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Flashcards in ENDO - Perioperative diabetes Deck (8)
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Describe surgical stress response

•Elevation of catecholamines, growth hormone, glucagon and cortisol, ACTH

•Depression of insulin levels and insulin resistance

•Leads to glycogenolysis and gluconeogenesis with raised blood glucose levels, protein catabolism, lipolysis, free fatty acid production, ketone bodies


Why would you want a good glycaemic control?

• Hyperglycaemia increases wound infection and impairs wound healing and worsens the outcome after neurologic damage and myocardial ischaemia

•Hyperglycaemia induces an osmotic diuresis that may lead to dehydration and electrolyte disturbance

•Type 1 diabetics may develop Diabetic Ketoacidosis

•Hypoglycaemia less than 2.2mmol/L may induce coma, arrhythmias and cognitive deficit


Discuss the level of HbA1C and the eligibility of having an elective surgery

If over 9%, defer elective surgery and refer to an endocrinologist


What are the (5) complications of diabetes that need to be considered when preparing the patient for surgery?

–Increased risk of MI (silent, higher mortality)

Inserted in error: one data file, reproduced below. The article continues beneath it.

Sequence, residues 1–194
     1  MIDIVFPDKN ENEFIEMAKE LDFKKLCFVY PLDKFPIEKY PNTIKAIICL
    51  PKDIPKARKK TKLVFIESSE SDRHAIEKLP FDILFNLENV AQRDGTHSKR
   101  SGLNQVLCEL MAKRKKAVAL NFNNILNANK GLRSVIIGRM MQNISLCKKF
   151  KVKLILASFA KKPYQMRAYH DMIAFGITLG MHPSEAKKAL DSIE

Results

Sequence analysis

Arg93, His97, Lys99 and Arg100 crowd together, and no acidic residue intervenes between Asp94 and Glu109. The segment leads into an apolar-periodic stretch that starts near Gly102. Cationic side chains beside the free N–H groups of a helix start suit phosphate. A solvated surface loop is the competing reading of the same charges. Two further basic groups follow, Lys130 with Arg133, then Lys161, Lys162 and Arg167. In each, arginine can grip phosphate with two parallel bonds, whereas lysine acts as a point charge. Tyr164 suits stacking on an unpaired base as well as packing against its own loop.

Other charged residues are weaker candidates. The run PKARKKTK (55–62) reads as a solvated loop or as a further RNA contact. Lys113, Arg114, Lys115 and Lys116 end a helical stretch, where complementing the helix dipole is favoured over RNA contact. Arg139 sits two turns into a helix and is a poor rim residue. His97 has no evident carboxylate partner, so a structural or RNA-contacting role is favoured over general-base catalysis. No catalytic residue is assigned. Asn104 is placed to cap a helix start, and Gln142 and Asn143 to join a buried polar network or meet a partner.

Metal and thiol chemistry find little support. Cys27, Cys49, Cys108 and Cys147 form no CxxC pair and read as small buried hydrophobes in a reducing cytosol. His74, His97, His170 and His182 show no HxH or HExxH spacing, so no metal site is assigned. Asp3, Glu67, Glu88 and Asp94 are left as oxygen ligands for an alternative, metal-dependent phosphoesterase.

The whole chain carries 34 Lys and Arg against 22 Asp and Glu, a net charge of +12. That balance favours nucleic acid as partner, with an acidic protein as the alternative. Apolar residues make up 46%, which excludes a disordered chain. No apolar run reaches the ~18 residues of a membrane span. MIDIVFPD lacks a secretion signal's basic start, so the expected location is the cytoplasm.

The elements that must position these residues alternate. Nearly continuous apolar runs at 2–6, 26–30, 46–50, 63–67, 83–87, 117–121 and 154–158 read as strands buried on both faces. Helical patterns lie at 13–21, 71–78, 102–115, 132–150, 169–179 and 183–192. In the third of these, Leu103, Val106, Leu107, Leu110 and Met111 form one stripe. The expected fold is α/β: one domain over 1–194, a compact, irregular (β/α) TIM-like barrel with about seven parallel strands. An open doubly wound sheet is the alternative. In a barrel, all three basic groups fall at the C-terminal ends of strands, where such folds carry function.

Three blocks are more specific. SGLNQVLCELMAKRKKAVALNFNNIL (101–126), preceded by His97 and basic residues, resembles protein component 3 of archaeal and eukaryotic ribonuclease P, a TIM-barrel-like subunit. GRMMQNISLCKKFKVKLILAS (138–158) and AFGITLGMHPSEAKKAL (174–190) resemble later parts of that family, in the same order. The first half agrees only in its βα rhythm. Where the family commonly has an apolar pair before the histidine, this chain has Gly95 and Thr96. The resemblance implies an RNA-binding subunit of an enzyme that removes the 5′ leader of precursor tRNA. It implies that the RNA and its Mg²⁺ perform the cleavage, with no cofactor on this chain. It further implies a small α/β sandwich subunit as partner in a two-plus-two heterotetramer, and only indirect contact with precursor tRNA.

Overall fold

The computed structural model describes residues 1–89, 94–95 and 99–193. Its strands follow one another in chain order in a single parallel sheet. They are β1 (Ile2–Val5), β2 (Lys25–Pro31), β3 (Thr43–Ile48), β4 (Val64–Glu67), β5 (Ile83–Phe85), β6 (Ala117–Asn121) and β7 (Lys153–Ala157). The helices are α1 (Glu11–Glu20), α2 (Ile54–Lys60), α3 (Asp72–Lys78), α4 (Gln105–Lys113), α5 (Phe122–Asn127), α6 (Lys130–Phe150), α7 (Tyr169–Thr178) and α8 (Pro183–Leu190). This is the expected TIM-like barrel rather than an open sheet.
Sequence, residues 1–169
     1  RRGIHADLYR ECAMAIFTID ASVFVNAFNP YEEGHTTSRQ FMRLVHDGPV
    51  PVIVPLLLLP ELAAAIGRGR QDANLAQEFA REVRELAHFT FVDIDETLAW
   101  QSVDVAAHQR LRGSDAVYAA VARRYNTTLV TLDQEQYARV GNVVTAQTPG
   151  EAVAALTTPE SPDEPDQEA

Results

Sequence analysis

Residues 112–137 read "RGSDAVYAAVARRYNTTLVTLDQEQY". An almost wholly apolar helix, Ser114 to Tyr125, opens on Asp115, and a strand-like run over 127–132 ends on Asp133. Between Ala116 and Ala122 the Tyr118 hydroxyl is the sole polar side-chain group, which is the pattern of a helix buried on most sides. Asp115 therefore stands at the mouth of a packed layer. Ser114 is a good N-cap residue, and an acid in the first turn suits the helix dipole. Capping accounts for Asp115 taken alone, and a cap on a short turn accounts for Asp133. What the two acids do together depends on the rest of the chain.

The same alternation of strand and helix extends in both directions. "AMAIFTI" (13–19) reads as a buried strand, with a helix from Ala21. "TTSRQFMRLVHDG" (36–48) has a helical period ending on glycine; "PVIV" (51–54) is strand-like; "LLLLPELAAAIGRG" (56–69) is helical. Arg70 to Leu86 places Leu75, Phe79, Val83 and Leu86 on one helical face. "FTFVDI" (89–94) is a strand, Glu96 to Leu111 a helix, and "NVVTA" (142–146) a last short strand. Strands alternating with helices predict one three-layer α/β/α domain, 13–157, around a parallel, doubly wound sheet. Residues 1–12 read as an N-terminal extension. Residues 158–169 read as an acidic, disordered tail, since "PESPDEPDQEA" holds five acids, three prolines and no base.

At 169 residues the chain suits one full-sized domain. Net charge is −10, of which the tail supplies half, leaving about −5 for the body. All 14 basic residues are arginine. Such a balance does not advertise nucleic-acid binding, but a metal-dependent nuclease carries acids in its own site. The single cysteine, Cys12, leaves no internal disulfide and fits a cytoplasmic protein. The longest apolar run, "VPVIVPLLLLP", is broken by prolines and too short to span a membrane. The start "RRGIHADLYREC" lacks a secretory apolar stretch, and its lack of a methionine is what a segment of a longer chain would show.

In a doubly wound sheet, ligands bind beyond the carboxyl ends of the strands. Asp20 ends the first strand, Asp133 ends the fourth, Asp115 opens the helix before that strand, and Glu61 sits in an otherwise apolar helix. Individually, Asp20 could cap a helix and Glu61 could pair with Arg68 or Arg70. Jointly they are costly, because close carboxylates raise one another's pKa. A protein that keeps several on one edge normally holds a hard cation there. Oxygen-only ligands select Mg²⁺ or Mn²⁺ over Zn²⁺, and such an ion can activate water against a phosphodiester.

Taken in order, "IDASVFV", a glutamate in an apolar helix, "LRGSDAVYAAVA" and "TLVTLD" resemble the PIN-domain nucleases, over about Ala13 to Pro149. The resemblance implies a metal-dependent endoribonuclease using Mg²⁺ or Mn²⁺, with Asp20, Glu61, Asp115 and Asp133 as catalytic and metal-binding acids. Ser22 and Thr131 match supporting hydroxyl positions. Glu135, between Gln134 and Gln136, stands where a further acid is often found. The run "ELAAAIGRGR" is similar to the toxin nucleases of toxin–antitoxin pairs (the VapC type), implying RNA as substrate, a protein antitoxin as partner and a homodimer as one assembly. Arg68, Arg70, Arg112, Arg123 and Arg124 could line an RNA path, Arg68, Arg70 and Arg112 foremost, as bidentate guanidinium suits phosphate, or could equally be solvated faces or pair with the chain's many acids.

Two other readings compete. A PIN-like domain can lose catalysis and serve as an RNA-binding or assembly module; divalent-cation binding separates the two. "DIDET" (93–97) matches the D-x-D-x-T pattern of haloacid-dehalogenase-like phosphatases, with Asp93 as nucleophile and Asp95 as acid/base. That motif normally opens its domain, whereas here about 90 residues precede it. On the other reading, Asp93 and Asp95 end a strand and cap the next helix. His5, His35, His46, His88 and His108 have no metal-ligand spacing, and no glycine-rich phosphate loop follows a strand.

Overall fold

–Revascularize if indicated on medical grounds

•Autonomic neuropathy
–Increased risk of haemodynamic instability, gastroparesis – regurgitation and aspiration, and silent myocardial infarction

•Peripheral neuropathy
–Pre-existing neurologic symptoms (important to document if considering regional anaesthesia)
–Intra-operative nerve injury
–May have chronic pain and be on opioids or other analgesics

•Stiff joints
–Increases chances of difficult intubation

•Retinopathy may indicate nephropathy
–Drug doses and metabolism, risk of worsening renal failure (Acute Kidney Injury)


What is the management of perioperative blood glucose?

•Outcome is better with tight glucose control 5-10 mmol/L
•Cornerstones of management are to:
–Define whether pre-operative control has been adequate,
–Monitor BSL regularly in the perioperative period and
–Administer insulin and glucose until the patient can tolerate a diet and have his normal medication


Periop Mx of type 2 diabetes on diet management alone

•Early morning case if practical (not essential)
•No therapy required
•Check BSL pre-, intra and post operatively
•Supplemental short acting insulin if BSL over 10 mmol/L


Periop Mx of type 2 diabetes on insulin

•Early morning case
•Oral medications previously
–CEASE 12 hours pre-operatively
–Monitor BSL 4 hourly and treat if less than 4 or greater than 10 mmol/L
–May need insulin supplementation for hyperglycaemia
–Resume oral agents when back to normal diet
•Insulin requiring
–As for type one diabetic


Periop Mx of type 1 diabetes
- morning surgery
- afternoon surgery

•Morning surgery
–Measure blood glucose every 2 hours from 0800
–Give usual dose of long acting insulin
–Intravenous 5% dextrose infusion (100 ml/hr)

•Afternoon surgery
–Light breakfast with usual dose of long acting insulin and HALF of short/intermediate acting insulin
–Monitor blood glucose every 2 hours from admission
–Intravenous 5% dextrose
–Monitor BSL 2 hourly and urinary ketones for 48 hours

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